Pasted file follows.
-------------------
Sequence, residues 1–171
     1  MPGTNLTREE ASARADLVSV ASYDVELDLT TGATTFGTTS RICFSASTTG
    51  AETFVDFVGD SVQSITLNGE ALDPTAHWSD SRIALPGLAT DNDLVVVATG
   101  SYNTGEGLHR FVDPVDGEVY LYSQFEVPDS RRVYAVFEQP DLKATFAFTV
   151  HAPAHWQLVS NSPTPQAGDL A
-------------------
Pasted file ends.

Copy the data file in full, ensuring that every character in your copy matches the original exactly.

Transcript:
Sequence, residues 1–171
     1  MPGTNLTREE ASARADLVSV ASYDVELDLT TGATTFGTTS RICFSASTTG
    51  AETFVDFVGD SVQSITLNGE ALDPTAHWSD SRIALPGLAT DNDLVVVATG
   101  SYNTGEGLHR FVDPVDGEVY LYSQFEVPDS RRVYAVFEQP DLKATFAFTV
   151  HAPAHWQLVS NSPTPQAGDL A